Could you say the following: If you get 10M active users you can get 100M or 200M, because you have a mainstream service?
I don't know what the numbers are or if this is even a valid concept. Just throwing out a half-baked idea.
Seems like this depends greatly on the definition of "active users". Are these lean-forward visitors? People who've got an app on their phone's homescreen? Creators who actually make content?
More than raw numbers, I think the question about whether you're on a trajectory to mainstream service depends on the traits of the users you've got. Do *they* value having a reach or audience, and see building your platform as part of achieving their own goals?
In the "escape velocity" metaphor, user acquisition might be analogous to your velocity, but the type of user might be your angle of ascent. Question is if you're trying to leave the atmosphere or just move quickly through it. :)
I think the answer here depends on two things:
1) how strong and active the "core users" are -- i.e. people who actively use the product and are retained, not just casual visitors)
2) how strong the "tractor beam" of the product is -- i.e. how much do the core users draw in others -- either because they aggressively invite them (e.g. LinkedIn, Zynga) or because others are missing out on conversations if they aren't on the service (e.g. Twitter, Facebook, Pinterest) and by signing up there is an easy onramp to see them and get involved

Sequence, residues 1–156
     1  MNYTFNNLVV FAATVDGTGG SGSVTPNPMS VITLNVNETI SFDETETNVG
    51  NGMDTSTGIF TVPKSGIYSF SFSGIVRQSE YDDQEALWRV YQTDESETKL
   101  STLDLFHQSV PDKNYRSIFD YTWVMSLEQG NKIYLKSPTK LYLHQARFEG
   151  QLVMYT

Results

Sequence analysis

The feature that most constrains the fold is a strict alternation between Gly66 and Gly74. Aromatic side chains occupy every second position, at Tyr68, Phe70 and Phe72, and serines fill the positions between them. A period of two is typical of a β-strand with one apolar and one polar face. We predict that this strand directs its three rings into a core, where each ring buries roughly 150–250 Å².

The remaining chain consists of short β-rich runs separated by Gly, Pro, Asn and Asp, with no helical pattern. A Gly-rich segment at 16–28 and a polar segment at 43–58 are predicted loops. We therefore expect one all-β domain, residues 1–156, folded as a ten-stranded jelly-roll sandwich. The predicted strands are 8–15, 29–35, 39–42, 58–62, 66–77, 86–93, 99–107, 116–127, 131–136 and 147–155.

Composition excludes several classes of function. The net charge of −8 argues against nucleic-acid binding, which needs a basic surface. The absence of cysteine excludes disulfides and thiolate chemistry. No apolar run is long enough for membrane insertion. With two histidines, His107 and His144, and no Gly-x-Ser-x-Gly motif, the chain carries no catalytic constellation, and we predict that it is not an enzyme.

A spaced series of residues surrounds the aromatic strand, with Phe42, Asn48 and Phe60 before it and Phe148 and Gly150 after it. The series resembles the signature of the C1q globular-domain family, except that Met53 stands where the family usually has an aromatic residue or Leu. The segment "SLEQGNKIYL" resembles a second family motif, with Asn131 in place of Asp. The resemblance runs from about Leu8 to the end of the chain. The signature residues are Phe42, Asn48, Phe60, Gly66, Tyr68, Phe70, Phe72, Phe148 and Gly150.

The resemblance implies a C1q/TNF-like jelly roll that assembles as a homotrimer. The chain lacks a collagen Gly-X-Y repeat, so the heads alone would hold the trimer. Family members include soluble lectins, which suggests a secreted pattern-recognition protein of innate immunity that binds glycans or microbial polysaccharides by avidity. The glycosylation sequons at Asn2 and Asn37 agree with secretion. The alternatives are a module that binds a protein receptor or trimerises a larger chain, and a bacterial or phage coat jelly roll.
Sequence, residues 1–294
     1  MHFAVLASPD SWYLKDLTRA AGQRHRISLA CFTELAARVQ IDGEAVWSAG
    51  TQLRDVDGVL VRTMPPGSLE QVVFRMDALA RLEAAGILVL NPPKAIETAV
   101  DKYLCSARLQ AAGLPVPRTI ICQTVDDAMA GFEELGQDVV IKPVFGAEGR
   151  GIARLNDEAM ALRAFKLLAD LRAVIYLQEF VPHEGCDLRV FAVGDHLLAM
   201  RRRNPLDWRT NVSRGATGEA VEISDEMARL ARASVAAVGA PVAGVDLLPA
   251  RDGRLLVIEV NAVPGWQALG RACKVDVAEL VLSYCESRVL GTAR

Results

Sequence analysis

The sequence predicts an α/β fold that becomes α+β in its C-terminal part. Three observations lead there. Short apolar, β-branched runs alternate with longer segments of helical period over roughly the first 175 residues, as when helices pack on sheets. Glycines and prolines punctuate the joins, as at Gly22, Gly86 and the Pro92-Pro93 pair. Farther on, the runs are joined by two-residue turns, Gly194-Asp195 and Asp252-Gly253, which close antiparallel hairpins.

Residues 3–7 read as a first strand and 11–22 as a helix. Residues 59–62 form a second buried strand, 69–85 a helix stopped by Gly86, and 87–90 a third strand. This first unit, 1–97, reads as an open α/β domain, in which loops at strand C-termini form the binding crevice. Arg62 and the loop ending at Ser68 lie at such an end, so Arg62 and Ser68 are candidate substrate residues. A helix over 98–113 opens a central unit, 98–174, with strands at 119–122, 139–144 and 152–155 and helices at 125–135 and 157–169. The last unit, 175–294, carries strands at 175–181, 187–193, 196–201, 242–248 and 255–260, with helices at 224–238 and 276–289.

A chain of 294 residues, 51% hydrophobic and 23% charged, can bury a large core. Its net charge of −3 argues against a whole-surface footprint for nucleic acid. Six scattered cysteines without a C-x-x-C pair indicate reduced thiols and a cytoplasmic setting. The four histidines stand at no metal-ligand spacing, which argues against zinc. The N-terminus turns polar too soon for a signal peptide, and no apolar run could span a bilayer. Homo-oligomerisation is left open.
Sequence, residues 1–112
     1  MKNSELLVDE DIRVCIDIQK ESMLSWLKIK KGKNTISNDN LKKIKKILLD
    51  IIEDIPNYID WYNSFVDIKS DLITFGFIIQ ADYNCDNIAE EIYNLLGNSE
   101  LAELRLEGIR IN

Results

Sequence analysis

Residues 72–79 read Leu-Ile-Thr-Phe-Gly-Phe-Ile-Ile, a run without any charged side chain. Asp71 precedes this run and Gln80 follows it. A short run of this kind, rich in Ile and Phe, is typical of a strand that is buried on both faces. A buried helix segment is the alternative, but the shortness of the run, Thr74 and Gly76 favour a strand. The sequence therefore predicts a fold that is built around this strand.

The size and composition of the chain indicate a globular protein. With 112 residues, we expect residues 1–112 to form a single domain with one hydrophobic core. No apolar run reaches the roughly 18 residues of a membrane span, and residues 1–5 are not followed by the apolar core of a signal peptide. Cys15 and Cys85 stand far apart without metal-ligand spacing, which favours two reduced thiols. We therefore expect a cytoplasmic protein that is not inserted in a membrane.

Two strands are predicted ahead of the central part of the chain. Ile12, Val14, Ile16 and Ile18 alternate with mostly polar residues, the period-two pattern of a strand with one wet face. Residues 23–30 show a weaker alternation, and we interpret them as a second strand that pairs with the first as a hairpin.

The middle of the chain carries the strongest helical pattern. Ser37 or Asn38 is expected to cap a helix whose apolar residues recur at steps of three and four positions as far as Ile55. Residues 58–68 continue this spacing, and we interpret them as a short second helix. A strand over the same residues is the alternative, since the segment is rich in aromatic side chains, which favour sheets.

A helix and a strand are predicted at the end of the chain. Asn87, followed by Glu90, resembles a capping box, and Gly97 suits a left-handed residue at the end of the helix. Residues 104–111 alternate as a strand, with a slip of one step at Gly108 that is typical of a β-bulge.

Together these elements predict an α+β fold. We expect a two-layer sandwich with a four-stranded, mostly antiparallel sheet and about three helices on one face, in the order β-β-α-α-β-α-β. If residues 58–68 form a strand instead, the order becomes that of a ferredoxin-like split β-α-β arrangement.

I think if you have between 1-2M core users and a strong tractor beam or network effects you can start to map out how to get to 100M and beyond.
I dont think you can make any of those statements because for each service it depends what escape velocity means, which I take to mean when do network effect set in. When they do set in, then I think services start to feed upon themselves (and get internal combustion if you will) where they grow and grow. Use skype as an example, when 5 of your contacts were on it, it was useful. But then when 15 were on, it was super useful, which led to 50 joining. Those, to me, are network effects and that's where you see the big growth surge come into play.
Thanks for your feedback! Team Branch